Portal Runner, no relation to the PlayStation game of the same name, gets off to a fast start. It’s December 24th 1999 and fifteen year old Nolan (Sloane Morgan Siegel, Hate Crime, The Call) just appeared out of a mirror and begins rigging some wicked looking booby traps for whatever’s chasing him. Unfortunately it just shrugs off their effects forcing Nolan to exit via another mirror.
This time when he exits, he finds himself in Mae’s (Elise Eberle, Salem, Chasing the Devil) closet. She wants to know why her brother is hiding in her closet. He wants to know who this person claiming to be his sister is.
Director Cornelia Duryée (The Dark Horse, West of Redemption) and writers J.D. Henning and Tallis Moore have tapped into the idea of parallel universes for Portal Runner’s story. Nolan can travel between them, the result of an experiment gone wrong. Usually he encounters the same thing, but this time there’s a few major difference. He has a sister for one.
And his father Randall (Matt Shimkus, The Gamers: Hands of Fate, A Bit of Bad Luck), whose experiment set all this off, has been missing for most of his life. Can he convince Mae and the rest of his family that he’s not crazy before whatever it is that he’s running from catches up to him again?
I went into Portal Runner expecting a young adult version of Jet Li’s The One, but that’s really not a good comparison. Yes, something is determined to kill Nolan off across multiple dimensions, but that’s really the only similarity. Rather than using his fists, Nolan has to out think his adversary. Though Uncle Boon (Brian S. Lewis, Depth, Timetravel_0) isn’t opposed to letting a shotgun do the talking if it comes to that.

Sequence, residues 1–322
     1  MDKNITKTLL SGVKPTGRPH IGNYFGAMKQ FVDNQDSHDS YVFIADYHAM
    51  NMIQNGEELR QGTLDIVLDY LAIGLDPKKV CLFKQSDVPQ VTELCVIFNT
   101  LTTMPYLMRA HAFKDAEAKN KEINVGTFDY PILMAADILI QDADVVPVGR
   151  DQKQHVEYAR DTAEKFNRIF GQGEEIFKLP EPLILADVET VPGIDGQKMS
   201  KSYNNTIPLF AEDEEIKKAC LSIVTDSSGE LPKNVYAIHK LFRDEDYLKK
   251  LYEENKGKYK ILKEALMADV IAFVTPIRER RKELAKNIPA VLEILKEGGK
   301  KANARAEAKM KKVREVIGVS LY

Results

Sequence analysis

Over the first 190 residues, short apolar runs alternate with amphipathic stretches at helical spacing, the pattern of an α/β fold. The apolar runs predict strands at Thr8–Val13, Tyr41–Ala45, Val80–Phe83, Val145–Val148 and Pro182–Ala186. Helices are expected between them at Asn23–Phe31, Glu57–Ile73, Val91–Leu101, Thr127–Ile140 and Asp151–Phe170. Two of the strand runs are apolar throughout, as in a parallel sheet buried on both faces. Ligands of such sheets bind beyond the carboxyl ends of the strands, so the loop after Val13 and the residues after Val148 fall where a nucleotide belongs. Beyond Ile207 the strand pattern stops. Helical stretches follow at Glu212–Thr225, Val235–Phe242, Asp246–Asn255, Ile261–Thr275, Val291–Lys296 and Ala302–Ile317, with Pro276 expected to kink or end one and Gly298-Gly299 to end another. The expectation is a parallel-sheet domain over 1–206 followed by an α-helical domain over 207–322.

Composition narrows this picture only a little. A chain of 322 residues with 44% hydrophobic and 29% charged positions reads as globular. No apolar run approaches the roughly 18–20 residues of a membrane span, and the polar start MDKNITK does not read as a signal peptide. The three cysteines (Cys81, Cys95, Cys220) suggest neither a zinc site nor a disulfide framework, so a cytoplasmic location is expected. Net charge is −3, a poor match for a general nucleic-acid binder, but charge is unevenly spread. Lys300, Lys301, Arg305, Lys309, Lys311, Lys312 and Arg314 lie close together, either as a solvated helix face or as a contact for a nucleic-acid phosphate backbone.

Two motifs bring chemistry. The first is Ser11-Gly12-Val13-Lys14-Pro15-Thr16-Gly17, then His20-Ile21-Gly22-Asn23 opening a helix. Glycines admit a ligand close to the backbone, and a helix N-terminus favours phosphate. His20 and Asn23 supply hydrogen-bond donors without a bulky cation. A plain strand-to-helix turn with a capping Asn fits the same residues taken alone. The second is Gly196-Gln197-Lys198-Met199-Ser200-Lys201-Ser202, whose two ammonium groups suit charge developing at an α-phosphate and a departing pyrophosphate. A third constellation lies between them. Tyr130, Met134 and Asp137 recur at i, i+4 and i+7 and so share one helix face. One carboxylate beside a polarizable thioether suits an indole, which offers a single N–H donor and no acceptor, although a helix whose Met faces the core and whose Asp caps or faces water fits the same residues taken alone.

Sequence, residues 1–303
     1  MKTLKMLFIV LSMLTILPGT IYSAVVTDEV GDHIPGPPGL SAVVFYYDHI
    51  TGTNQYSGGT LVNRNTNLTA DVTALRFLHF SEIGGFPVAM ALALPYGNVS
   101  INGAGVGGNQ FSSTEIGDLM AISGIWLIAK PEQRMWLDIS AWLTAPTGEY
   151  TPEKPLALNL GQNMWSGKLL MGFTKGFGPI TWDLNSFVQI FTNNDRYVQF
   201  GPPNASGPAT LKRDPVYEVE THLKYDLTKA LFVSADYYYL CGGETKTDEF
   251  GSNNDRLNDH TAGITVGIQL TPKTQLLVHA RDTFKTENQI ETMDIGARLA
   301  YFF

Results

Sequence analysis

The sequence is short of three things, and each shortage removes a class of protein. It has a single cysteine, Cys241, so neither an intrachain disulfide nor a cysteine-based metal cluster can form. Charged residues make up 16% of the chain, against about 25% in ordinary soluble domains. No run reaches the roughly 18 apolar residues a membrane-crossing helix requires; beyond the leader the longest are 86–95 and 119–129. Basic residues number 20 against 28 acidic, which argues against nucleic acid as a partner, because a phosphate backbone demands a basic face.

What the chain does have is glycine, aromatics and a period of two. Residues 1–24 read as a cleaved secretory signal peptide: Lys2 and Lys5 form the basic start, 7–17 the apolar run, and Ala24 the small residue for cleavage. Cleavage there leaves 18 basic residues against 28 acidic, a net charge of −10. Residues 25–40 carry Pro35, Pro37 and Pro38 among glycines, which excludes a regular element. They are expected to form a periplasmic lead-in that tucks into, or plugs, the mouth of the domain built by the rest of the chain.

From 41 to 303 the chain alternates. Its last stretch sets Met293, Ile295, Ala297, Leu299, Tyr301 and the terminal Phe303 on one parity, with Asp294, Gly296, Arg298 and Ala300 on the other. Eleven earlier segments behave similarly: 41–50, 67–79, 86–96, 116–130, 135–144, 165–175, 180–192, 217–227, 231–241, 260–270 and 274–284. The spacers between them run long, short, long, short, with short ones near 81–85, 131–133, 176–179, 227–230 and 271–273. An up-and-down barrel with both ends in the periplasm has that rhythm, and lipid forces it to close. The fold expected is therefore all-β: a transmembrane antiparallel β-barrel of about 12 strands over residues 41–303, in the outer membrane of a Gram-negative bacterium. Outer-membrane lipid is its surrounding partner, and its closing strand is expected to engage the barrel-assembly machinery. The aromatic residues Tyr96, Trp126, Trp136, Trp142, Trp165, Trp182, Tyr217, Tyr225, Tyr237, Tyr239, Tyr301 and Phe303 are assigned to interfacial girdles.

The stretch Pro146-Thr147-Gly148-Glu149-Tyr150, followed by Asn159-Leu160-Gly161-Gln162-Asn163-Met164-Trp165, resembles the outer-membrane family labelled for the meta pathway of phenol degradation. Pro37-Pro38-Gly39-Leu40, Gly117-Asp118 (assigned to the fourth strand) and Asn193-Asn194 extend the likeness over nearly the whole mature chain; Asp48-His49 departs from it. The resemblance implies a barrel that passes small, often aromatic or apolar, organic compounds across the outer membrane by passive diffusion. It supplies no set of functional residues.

Portal Runner does a fairly good job of explaining how Nolan and his pursuer can travel across universe. As long as you don’t think about it too hard that is. The script makes enough sense that you don’t question it and even includes little details such as the effect the way the mirror is facing has on travel. But it isn’t really about dimensional travel either.
What it is about is family. Nolan wasn’t expecting to encounter his family for reasons the film does explain. Instead he not only meets them, he finds out he has more family than he thought. It’s about his bonding with them and discovering he wants to stay with them. But also knowing that by doing so he’s putting them at risk.
Despite these serious themes, Portal Runner is actually a fun and fast paced movie. Unlike The Reenactment, another film set in the 1990s that I reviewed yesterday, it at least tries to get mileage out of its setting. The Y2K Bug and the end of the world fears it generated figures into the plot, as does the Dreamcast game system.
But while the film has a funny riff on the Sham-Wow! Commercials, (the full version is one of two scenes hidden in the credits), featuring Robert Picardo (976-Evil, Star Trek: Voyager) they didn’t hit the airwaves until somewhere around 2006. And anyone who remembers dialup modems will know Mae’s internet connection would have cut out when her mother picked up the phone. Most of Portal Runner’s target audience probably won’t notice those details though.
Despite those historical issues though, Portal Runner is an entertaining film that has the good sense to stay within its budget and keep its running time short. It’s one you can watch with your kids and not be bored.
Portal Runner is available on streaming platforms including Tubi and On Demand from Kairos Productions and Terror Films. You can go to Terror Films’ website or the film’s Facebook page for more information.